Figure 2 shows the SEM images of Bi4Ti3O12 samples prepared at different reaction times (t = 3, 6, 12, 24, and 36 h). As shown in Figure 2a, the product obtained at 3 h reaction time is composed of nanorods, spherical nanoparticles and amorphous aggregates, which are characterized as Bi4Ti3O12, Bi2O3, TiO2, and Bi(OH)3/Ti(OH)4 precipitates. At 6 h reaction time (Figure 2b), the Bi2O3/TiO2 spherical nanoparticles and Bi(OH)3/Ti(OH)4 precipitates are crystallized into Bi4Ti3O12 nanorods. With further increasing the reaction time up to 12 h (Figure 2c), the formed Bi4Ti3O12 nanorods gradually grow into brick-like nanoparticles. When the reaction time is increased up to 24 h (Figure 2d,e), it brings about the synthesis of Bi4Ti3O12 square plates with an average lateral size of ~1 μm and thickness of ~200 nm. However, too long a reaction time leads to partial dissolution of the square plates into small-sized brick-like nanoparticles, as shown in Figure 2f.
Based on the XRD and SEM results, the formation process of Bi4Ti3O12 square plates is schematically illustrated in Figure 3. The ‘‘dissolution–crystallization’’ mechanism can be used to describe the hydrothermal formation of Bi4Ti3O12 square plates . In the precursor solution, Bi(NO3)3·and TiCl4 were hydrolyzed into Bi(OH)3 and Ti(OH)4 hydroxides with the aid of NaOH. At high temperature and pressure environments, the Bi(OH)3 and Ti(OH)4 precipitates are to dissolve and form ion groups under the action of NaOH that serves as the mineralizer. In the locally formed supersaturated fluid region, Bi4Ti3O12 nanorods are crystallized by nucleation, precipitation, dehydration, and growth. Simultaneously, Bi2O3 and TiO2 could also be formed in this process. With the hydrothermal reaction going on, Bi2O3 and TiO2 will dissolve again to form ion groups under the attack of NaOH, which will then subsequently crystallize into Bi4Ti3O12 nanorods. The formation of Bi4Ti3O12 crystals can be simply described by Equations (1) and (2). With increasing the reaction time, Bi4Ti3O12 nanorods gradually grow into brick-like nanoparticles and then into square plates. The formation of Bi4Ti3O12 square plates can be explained as a result of the reduction of the overall surface energy. It is noted that the growth process of Bi4Ti3O12 square plates is simultaneously accompanied by their dissolution process. After a relatively long reaction time, the dissolution process could predominate over the growth process, and as a result, Bi4Ti3O12 square plates are etched into small-sized brick-like nanoparticles.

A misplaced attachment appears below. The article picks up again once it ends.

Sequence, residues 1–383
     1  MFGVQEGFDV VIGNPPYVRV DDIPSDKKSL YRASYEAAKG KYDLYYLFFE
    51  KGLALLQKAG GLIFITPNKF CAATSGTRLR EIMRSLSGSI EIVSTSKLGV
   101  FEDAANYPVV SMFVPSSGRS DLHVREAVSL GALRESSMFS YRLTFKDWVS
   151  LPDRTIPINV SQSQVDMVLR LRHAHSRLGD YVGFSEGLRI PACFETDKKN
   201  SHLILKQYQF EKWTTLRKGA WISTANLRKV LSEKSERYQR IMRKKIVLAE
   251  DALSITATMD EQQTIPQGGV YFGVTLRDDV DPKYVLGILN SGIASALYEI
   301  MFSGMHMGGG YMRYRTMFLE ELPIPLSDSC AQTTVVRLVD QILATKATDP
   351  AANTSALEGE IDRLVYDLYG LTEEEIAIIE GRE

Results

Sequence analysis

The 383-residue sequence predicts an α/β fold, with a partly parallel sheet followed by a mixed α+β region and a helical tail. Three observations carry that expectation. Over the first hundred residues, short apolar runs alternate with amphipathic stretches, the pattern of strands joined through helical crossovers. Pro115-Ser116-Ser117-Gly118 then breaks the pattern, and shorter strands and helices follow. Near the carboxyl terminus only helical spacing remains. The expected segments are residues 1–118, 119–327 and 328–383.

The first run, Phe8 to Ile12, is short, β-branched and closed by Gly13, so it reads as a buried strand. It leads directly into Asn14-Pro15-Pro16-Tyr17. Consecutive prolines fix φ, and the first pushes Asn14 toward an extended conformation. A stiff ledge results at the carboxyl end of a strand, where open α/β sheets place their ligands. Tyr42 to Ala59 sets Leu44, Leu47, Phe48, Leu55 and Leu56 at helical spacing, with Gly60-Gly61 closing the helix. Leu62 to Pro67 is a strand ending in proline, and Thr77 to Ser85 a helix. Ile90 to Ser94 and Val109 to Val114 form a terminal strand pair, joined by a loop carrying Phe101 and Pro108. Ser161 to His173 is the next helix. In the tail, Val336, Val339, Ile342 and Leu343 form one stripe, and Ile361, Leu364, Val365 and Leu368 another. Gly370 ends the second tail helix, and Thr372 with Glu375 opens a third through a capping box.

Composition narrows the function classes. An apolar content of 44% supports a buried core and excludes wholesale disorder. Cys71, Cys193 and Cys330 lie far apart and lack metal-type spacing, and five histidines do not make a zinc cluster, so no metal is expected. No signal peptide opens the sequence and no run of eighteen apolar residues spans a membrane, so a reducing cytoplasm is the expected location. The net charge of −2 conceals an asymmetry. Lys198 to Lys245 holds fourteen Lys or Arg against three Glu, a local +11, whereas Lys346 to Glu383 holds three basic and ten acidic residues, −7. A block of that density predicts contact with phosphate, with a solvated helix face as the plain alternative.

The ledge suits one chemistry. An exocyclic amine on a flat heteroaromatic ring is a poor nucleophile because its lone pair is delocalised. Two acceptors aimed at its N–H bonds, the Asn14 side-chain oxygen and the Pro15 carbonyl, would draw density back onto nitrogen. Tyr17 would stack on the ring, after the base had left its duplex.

4Bi(OH)3 + 3Ti(OH)4 → Bi4Ti3O12 + 12H2O
2Bi2O3 + 3TiO2 → Bi4Ti3O12
3.2. CQDs-modified Bi4Ti3O12 Square Plates
The photocatalytic activity of the as-prepared [email protected]4Ti3O12 composites was evaluated by the degradation of RhB in aqueous solution separately under the irradiation of simulated sunlight (300 < λ < 2500 nm) and visible light (λ > 400 nm). Before the photocatalytic degradation experiment, the adsorption of RhB onto bare Bi4Ti3O12 and [email protected]4Ti3O12 composites was measured in the dark at 30 min of contact time and is obtained as 3.5‒15.3%. It is observed that the RhB adsorption gradually increases with increasing the CQDs content, which is ascribed to the enhanced dye adsorption of CQDs. Generally, an appropriate increase in the dye adsorption is conducive to photocatalysis. The time-dependent photocatalytic degradation of RhB under simulated sunlight irradiation is shown in Figure 4a. The degradation percentage of RhB after 120 min of photocatalysis is given in Table 1. It is seen that the decoration of an appropriate amount of CQDs on Bi4Ti3O12 leads to a significantly enhanced photocatalytic activity. The highest photocatalytic performance is observed for the [email protected]4Ti3O12 composite prepared by adding 10 mL CQDs solution, and the degradation percentage of RhB reaches 94.3%. However, decoration of excessive CQDs on Bi4Ti3O12 could reduce the light absorption of Bi4Ti3O12, and thus, give rise to a decrease in the photocatalytic activity. To further compare the photocatalytic activity between the samples, the degradation kinetics of RhB were investigated. As shown in Figure 4b, the plots of Ln(Ct/C0) vs irradiation time t can be well modeled using the pseudo-first-order kinetic equation: Ln(Ct/C0) = −kappt, where kapp is the apparent first-order reaction rate constant . The obtained value of kapp from the slope of the regression lines is given in Table 1. It is seen that the optimal composite [email protected]4Ti3O12 manifests a photocatalytic activity ca. 1.8 times higher than that of bare Bi4Ti3O12. Figure 4c shows the visible-light photocatalytic degradation of RhB over bare Bi4Ti3O12 and [email protected]4Ti3O12 composites, and Figure 4d presents the plots of Ln(Ct/C0) vs irradiation time t. The obtained degradation percentage after photocatalytic reaction for 120 min and reaction rate constant kapp are summarized in Table 1. Photocatalyzed by bare Bi4Ti3O12, only 15.7% of the dye is observed to be degraded, which is mainly ascribed to the dye adsorption and dye-photosensitized degradation. This indicates that bare Bi4Ti3O12 exhibits poor photocatalytic activity under visible light irradiation. When compared with bare Bi4Ti3O12, the [email protected]4Ti3O12 composites manifest a greatly enhanced visible-light photocatalytic activity. In particular, the [email protected]4Ti3O12 composite photocatalyzes 42.4% removal of the dye and displays a photocatalytic activity ca. 3.2 times as large as that of bare Bi4Ti3O12 according to the reaction rate constants.